|Tea time! Now all we need are little cakes!|
Q: As a freelance Illustrator & Designer, juggling 2 kiddos and an art career, in what ways to do seek balance in your life? (As a fellow Illustrator Mama—this is one of my favorite questions!!)
A: Ooh, this one is a toughie! Right now things are really off kilter. We are currently in the process of moving, and will shortly be living with my parents for a month before our new home is ready, so there isn’t a lot of balance at the moment. When we aren’t in the middle of moving homes, I really try to make sure I have time for my family and myself. Having a ‘create your own schedule’ I try to make sure that my evenings and weekends are open for family time. Although there is the occasional project that takes my attention some evenings, I try to make sure they don’t happen too often. My house is often left a mess with unfolded laundry and a dirty kitchen, but that’s just this phase of life that we are in with having a 3 year old and an 8 month old running around the house. Creating time for myself is a bit of a challenge these days as well, but I squeeze it in when I can. When I can I’ll sneak in 20 minutes here and there and take a nice soak in the bathtub. I’ll close my eyes and pretend I’m on a beach for a few minutes before my son busts in the door and says he wants to take a bath while stripping down naked. I also have to give a huge shout out to my awesome husband. It really is a team effort to keep things going and when I have to get work done, he is there to give me the time to focus on my work.
|If you eat your vegetables, then you can go to Treatsville!|
Q: What advice would you give fellow freelance illustrators on the following topics: 1) self promotion 2) trade shows 3) following trends?
A: I still feel like I am a novice in this area. I recently joined an artist collective, the Sunshine Syndicate, to help with promoting my art. We often share tips, critique art, and inspire new ideas as well as share the task of promoting our work. It’s a full time job staying on top of social media, blogs, twitter feeds etc., and having others to assist in the process makes it less overwhelming.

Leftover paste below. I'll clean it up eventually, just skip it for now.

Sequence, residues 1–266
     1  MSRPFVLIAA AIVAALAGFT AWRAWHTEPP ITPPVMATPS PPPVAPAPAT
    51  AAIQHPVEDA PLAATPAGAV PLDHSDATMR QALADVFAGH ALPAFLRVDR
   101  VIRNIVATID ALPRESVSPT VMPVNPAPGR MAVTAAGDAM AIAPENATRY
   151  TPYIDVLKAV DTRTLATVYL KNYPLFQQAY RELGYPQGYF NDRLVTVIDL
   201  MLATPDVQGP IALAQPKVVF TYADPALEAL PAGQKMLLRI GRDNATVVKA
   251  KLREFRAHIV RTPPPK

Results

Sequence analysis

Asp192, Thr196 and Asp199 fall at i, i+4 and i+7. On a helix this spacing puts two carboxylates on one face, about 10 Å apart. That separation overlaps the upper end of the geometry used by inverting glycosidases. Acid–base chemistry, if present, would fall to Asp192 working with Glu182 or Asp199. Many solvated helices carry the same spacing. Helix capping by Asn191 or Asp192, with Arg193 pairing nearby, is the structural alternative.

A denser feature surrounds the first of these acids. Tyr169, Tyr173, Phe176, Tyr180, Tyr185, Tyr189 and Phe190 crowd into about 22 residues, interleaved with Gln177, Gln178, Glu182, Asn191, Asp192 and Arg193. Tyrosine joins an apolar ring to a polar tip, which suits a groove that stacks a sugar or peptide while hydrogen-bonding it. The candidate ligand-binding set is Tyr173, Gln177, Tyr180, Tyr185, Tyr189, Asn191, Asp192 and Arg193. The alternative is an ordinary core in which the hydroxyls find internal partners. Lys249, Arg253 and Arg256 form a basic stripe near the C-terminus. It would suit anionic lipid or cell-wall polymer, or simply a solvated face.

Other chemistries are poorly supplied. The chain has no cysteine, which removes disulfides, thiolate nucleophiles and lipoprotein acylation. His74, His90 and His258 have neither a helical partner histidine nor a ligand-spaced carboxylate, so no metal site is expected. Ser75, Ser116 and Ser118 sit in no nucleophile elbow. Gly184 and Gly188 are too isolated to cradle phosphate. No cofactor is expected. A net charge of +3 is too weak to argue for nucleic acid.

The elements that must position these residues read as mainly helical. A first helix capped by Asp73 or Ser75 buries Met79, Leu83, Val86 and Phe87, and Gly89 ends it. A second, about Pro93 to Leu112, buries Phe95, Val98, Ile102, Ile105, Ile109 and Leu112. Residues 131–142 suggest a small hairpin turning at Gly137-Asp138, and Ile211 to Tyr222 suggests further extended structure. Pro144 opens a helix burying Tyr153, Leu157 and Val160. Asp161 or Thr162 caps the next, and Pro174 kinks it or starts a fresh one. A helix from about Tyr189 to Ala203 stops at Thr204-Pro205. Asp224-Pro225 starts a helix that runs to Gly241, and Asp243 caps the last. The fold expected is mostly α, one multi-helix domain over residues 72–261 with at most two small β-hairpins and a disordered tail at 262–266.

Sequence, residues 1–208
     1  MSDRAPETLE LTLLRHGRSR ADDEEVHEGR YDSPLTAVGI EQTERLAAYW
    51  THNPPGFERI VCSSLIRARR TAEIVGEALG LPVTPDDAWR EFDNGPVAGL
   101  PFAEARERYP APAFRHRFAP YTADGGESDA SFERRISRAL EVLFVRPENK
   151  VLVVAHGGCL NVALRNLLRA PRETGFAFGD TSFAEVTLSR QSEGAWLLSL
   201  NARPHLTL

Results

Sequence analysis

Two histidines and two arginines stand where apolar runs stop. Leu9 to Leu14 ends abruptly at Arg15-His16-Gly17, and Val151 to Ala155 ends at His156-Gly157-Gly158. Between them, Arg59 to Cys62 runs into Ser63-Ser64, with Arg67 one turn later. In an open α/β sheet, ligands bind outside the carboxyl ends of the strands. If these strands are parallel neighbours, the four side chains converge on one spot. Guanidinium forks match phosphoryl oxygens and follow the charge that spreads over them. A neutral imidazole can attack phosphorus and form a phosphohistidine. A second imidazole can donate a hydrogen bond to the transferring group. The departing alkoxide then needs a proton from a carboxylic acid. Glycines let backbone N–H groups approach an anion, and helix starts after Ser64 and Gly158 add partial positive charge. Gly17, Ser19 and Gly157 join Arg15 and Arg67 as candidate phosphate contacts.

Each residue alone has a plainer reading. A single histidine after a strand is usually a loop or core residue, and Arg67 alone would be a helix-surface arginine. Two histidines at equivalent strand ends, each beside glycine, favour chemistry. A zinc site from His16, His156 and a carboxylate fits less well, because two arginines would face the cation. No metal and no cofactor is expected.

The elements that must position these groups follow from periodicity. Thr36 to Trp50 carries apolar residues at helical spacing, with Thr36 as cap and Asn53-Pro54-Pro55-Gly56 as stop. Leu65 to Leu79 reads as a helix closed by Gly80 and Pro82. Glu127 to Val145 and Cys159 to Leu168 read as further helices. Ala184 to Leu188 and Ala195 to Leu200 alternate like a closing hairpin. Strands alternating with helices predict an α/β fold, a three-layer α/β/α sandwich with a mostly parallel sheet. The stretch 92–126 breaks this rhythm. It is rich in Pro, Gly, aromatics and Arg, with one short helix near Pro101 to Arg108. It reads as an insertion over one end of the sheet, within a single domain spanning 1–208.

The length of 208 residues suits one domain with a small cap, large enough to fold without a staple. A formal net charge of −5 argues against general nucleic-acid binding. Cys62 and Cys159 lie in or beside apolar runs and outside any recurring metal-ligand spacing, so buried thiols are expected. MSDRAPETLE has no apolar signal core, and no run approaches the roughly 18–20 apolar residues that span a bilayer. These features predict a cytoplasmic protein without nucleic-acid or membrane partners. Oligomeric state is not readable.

For trade shows, I think they are great to go to. I’ve been to Printsource as a buyer, and Surtex as a viewing artist and I loved both! If you are able I would say definitely go. You can meet so many talented people and make lots of connections. I met my agent, Cinnamon Joe Studio, at Surtex as well as many other artists that I had met online. It was great meeting them in person and making those invaluable in-person connections. Most of the ladies in my collective I met online and then in person at Surtex.
|Ooo! Guess who is going to Blueprint this month?! Very exciting!|
Q: Describe your most perfect day.
A: Oh, the possibilities! …how to narrow it down to one thing…? I would say the most perfect day would begin with a full night of sleep and then waking up around 8:00ish. I’d have breakfast in bed and the kids would be dressed and ready for the day. We’d go somewhere fun, maybe the amusement park, or zoo, or the local park. Then around 4pm I’d get a nice power nap in. After the nap, my hubby and I would go get dinner while the kids are with a sitter, then we’d go see a movie of my choice. If I could squeeze in a massage that would be nice too, but that could be pushing it a bit. J
Thank you so much, Kim, for catching up with us here at Bird Meets Worm! We love your fabulous artwork and can’t wait to see what you create next!